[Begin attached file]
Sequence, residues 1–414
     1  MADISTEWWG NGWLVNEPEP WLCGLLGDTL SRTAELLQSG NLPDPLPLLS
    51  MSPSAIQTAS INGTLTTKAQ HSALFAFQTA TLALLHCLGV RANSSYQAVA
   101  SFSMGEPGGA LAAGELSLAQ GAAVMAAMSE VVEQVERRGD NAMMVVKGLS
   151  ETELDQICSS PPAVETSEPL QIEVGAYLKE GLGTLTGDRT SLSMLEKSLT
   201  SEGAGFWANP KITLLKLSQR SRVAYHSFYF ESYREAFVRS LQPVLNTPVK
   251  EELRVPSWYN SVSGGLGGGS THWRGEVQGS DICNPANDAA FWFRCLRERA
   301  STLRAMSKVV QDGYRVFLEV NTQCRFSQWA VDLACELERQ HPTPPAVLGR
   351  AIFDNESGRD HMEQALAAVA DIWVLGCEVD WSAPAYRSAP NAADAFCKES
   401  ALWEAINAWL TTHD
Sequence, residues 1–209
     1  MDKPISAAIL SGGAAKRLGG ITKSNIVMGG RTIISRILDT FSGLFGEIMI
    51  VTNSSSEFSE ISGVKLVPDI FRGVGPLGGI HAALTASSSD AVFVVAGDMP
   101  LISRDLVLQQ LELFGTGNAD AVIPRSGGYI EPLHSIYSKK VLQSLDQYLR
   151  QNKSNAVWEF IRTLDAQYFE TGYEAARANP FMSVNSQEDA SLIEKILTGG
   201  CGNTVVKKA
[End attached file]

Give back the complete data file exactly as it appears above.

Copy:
Sequence, residues 1–414
     1  MADISTEWWG NGWLVNEPEP WLCGLLGDTL SRTAELLQSG NLPDPLPLLS
    51  MSPSAIQTAS INGTLTTKAQ HSALFAFQTA TLALLHCLGV RANSSYQAVA
   101  SFSMGEPGGA LAAGELSLAQ GAAVMAAMSE VVEQVERRGD NAMMVVKGLS
   151  ETELDQICSS PPAVETSEPL QIEVGAYLKE GLGTLTGDRT SLSMLEKSLT
   201  SEGAGFWANP KITLLKLSQR SRVAYHSFYF ESYREAFVRS LQPVLNTPVK
   251  EELRVPSWYN SVSGGLGGGS THWRGEVQGS DICNPANDAA FWFRCLRERA
   301  STLRAMSKVV QDGYRVFLEV NTQCRFSQWA VDLACELERQ HPTPPAVLGR
   351  AIFDNESGRD HMEQALAAVA DIWVLGCEVD WSAPAYRSAP NAADAFCKES
   401  ALWEAINAWL TTHD
Sequence, residues 1–209
     1  MDKPISAAIL SGGAAKRLGG ITKSNIVMGG RTIISRILDT FSGLFGEIMI
    51  VTNSSSEFSE ISGVKLVPDI FRGVGPLGGI HAALTASSSD AVFVVAGDMP
   101  LISRDLVLQQ LELFGTGNAD AVIPRSGGYI EPLHSIYSKK VLQSLDQYLR
   151  QNKSNAVWEF IRTLDAQYFE TGYEAARANP FMSVNSQEDA SLIEKILTGG
   201  CGNTVVKKA